Are you ept?

knight

I woke up this morning wishing that I were ept.

I know quite a few people who are ept. A friend and colleague who, although he was a successful academic, makes beautiful musical instruments and bakes cakes. A neighbour who professionally is a geologist is also a master gardener and garden designer. And can put in watering systems. An administrator in the security business who also builds barns, installs kitchens, creates entire decorative wheelbarrows out of wood. A son who creates a virtual reality business but also built, along with his father in law, a pole house.

These people all do demanding intellectual and creative jobs but also are able to do a myriad of practical tasks.

And then there are others, like yours truly, who are inept. In grade eight, I passed the shops course because when I was using the lathe, I pressed too hard on the chisel, the chisel slipped and my thumb got lathed. I’ve still got the scar. For the rest of the year the teacher kept me away from moving objects and sighed with relief when the course was over and I hadn’t done any more damage to myself. He wasn’t going to risk having me retake the course by giving me a failing grade.

As I lay in bed staring at the ceiling, I asked myself what is it that makes someone ept?

It’s not just being good or really good at what one does for a living. I mean, if you worked in a bakery, your boss could say he’s inept because your Danish’s were lopsided, your croissants didn’t crunch. But to me, being ept means the ability to do a wide range of tasks outside of how one earns a living. Our family doctor in Gimli used to win prizes for his embroidery. When someone snickered, he said you’ll be glad of my embroidery skills when I have to sew you up. So, I’m not sure if that’s far enough outside his profession to make him ept.

I wonder if eptness is something we are born with or whether it is the result of experience, the old nature or nurture conundrum. Is it the result of good eye/hand coordination? Is it a matter of self-confidence? Are epters the yes, I can people and the inepters are the no I can’t people?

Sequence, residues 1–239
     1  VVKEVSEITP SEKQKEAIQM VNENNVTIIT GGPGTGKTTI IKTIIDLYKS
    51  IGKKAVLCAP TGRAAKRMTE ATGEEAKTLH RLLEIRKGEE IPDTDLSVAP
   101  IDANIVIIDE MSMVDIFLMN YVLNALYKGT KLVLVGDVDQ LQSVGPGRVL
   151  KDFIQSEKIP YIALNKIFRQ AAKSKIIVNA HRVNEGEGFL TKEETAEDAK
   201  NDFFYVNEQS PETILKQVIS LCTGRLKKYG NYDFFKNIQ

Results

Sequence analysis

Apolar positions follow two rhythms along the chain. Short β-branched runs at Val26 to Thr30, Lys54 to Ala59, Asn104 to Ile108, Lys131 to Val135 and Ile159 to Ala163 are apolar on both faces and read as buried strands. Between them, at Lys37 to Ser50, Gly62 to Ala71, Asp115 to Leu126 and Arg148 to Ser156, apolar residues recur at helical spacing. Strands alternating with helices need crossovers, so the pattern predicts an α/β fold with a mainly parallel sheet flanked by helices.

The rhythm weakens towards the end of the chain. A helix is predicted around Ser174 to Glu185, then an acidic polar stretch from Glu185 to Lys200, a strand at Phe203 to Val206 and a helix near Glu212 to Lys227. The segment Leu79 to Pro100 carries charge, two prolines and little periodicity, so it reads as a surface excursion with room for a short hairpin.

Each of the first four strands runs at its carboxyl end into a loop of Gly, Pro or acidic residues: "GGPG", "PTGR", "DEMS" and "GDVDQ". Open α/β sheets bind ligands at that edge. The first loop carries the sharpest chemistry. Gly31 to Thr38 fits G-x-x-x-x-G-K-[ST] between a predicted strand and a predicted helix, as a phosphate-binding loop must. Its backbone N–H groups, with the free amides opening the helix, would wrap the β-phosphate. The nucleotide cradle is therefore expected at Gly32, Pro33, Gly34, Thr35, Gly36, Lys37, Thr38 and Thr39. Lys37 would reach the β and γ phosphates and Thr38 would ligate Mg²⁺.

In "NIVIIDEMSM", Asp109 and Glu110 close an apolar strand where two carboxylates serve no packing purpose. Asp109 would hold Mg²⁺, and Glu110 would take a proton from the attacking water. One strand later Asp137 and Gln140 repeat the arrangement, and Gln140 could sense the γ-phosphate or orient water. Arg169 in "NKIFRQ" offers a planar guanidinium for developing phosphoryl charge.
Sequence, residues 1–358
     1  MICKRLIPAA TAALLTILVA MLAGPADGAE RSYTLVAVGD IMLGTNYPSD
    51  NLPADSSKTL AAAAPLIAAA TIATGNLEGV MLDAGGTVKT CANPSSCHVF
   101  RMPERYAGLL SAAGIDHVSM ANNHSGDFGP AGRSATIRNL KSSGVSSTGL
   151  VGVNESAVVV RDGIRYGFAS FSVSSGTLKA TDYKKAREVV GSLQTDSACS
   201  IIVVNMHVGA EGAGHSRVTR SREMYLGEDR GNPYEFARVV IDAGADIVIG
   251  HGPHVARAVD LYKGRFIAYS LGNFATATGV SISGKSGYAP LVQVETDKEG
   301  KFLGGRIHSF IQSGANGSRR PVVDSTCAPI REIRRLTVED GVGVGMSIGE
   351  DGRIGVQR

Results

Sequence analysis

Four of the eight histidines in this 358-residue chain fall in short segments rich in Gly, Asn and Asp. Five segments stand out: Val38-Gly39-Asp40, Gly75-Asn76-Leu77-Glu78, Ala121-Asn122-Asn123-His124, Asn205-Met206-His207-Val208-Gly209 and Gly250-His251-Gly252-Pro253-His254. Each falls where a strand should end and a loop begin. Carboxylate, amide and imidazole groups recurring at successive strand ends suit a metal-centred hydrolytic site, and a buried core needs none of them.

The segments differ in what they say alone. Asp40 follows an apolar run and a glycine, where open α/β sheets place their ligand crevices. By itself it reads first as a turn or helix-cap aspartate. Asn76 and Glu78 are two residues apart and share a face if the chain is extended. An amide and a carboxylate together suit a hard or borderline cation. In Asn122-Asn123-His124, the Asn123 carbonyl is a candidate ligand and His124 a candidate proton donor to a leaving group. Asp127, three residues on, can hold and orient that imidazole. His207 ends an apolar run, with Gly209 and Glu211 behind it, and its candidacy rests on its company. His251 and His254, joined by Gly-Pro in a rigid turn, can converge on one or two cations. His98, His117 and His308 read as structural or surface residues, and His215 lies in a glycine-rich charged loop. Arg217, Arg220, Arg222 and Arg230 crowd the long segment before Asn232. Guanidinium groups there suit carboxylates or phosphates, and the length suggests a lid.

Does eptness come from being around family members who have a wide range of skills and problem solving abilities? Does it come from a model that is available when we are young? I know how important modeling is. Before you can do something, you have to imagine doing it. That isn’t as simple as it sounds. Family, neighbours, community, church, school—all sorts of individuals and organizations, both large and small, give out the message, you can’t do that. Or, you shouldn’t do that. Or, someone like you shouldn’t do that.

I give credit to Steina Kristofferson for modeling being a writer. She wrote a novel called Tanya. Someone I knew, a former teacher, wrote a book and it was published. A local person, an elementary school teacher, someone I knew could have a book published. She was ept. Knowing her, she did many other things as well, but with that publication, it was obvious that she did more than just teach school.

Maybe being ept is about not being limited by what one does for a living. Maybe that’s what hobbies are about, what recreational sports are about, what passionate participation is about. Maybe it is about self-image and not being locked into a self-image that others have created for you. I think for many people self-images are like the suits of armor that the knights of Yore used to wear. Except they can’t take them off. They clank through life with all their movements restricted by their armor, never taking the risks that eptness requires.

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